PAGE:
I find it difficult to address all this via a public website because I do not want to put off, offend or hurt the feelings of Japanese people.
        I would genuinely like to help Hibikiryu. Medical treatment for a spinal injury is very expensive, the same goes for whatever else might be needed.
        Call me an oddball, but wouldn’t the best approach be that gaijin fan contributions towards that were collected somewhere and then someone who knows his heya and perhaps also its support organization process that, so that face is saved for all parties concerned, a culture that prefers to leave the unpleasant unsaid is not violated whilst at the same time getting things done
        Apologies for being emotional, but I really feel sad and sorry for Hibikiryu. Myhope is that things are less complicated than they appear to me.

        • I’m a physician in Seattle who loves sumo and adores cats. Assuming by your name, you feel the same. Hibikiryu will need much for the rest of his life. I’d like to contribute what I can in a proper way. Please share information on how we can help if you obtain it.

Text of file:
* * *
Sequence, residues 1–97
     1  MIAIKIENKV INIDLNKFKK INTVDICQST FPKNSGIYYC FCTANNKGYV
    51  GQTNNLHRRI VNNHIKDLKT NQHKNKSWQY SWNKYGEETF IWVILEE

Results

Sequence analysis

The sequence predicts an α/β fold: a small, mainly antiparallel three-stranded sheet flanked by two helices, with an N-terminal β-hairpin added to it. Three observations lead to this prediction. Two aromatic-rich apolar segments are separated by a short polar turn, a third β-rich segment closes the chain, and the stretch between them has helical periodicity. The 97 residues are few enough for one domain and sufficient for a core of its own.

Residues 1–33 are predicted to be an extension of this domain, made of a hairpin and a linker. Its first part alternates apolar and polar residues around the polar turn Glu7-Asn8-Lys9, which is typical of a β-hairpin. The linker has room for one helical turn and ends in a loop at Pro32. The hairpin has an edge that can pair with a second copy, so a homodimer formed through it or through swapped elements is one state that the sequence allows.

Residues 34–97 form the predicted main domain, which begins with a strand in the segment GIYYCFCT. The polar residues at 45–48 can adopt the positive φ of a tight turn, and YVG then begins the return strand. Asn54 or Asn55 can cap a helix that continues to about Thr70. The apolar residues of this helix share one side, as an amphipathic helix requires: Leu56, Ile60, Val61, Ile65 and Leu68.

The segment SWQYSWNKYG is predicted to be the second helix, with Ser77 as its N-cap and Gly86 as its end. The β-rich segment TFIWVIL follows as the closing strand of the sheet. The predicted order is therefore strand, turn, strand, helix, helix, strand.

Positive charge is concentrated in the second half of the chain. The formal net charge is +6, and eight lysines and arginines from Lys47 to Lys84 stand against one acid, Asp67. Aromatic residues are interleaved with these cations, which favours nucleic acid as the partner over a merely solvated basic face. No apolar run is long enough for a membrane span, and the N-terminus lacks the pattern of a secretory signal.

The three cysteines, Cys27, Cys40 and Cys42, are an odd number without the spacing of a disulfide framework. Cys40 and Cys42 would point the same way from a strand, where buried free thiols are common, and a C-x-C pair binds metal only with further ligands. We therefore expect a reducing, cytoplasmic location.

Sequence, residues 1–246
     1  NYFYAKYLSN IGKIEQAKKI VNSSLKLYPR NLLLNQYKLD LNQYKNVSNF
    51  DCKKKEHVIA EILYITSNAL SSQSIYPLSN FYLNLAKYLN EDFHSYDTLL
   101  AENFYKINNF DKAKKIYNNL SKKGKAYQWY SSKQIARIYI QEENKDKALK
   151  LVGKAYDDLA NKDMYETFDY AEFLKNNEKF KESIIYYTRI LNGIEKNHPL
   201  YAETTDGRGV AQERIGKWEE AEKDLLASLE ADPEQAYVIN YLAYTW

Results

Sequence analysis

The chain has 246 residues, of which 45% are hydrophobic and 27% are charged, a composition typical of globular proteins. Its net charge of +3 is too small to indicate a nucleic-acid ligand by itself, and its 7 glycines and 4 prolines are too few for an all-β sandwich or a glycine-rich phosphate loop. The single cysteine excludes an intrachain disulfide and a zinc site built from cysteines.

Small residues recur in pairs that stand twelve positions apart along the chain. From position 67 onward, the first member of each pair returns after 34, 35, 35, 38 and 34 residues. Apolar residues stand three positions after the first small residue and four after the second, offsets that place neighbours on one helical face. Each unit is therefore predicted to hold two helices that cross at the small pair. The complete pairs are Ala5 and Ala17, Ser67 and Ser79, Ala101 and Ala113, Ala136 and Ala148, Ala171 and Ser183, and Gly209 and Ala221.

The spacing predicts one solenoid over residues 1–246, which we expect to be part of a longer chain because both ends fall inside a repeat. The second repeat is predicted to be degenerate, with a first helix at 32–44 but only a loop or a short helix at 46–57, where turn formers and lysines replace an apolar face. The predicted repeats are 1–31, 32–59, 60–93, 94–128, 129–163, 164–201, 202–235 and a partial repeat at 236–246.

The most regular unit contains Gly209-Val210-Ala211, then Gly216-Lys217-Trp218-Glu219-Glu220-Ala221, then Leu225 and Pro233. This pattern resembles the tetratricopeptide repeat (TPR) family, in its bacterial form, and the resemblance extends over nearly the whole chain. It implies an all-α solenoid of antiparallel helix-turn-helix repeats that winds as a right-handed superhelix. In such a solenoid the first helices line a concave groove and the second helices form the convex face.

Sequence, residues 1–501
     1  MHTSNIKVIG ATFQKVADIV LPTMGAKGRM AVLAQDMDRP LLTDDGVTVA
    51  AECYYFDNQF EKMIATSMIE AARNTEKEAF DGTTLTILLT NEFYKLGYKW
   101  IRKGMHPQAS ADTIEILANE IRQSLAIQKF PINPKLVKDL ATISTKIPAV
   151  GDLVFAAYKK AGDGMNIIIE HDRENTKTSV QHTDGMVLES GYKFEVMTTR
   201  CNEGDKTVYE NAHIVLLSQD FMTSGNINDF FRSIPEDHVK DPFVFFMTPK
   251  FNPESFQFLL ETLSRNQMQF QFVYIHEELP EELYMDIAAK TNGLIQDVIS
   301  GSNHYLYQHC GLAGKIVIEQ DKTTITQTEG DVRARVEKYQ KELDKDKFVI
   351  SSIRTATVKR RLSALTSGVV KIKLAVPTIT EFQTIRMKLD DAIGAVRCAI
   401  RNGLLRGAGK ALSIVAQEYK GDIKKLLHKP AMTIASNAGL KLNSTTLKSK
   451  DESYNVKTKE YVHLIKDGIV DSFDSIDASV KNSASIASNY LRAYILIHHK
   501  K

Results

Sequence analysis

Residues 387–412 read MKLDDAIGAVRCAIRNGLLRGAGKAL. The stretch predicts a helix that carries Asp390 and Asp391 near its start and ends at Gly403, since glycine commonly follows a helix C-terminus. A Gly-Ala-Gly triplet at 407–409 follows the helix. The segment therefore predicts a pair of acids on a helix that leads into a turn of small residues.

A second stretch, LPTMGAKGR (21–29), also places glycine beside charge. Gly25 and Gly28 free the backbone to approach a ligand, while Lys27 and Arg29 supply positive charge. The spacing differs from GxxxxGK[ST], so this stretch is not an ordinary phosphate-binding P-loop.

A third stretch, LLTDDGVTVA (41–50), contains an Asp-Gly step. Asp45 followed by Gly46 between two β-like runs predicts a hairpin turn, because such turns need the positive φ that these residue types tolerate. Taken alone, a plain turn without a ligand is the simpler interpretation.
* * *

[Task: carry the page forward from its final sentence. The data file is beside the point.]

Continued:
• Yes, your assumptions are correct.
            And, yes I know what you are talking about re Hibikiryu. I have a friend who broke his neck age 17 in a parachute jump.
            On a lighter note; one of the NHK commentators described a bout of two pusher thrusters as , ‘They are having a go at each other like fighting tabbies’. I liked the analogy.

  4. Bravo Andy! So good to read your article! And the comments are spot-on! Does anyone know how we can donate directly to Hibikiryu? He’s surely going to need every dollar/yen we can send to him….Sharon, a sumo fan in Seattle

  5. “I cracked up when she’s “back stage” at a jungyo event with Hakuho himself, and he quietly asks her, “Who’s design are you wearing?” and she answers, “Mitakeumi.” The subtle look on his face was priceless but the moment appeared lost to the narrator. ”

    Can you explain the joke for us newbies?

  6. Literally the only thing I didn’t like about this post was that you could have gone in a bit harder on the title of it ;)

    Fully co-signed!


This site uses Akismet to reduce spam. Learn how your comment data is processed.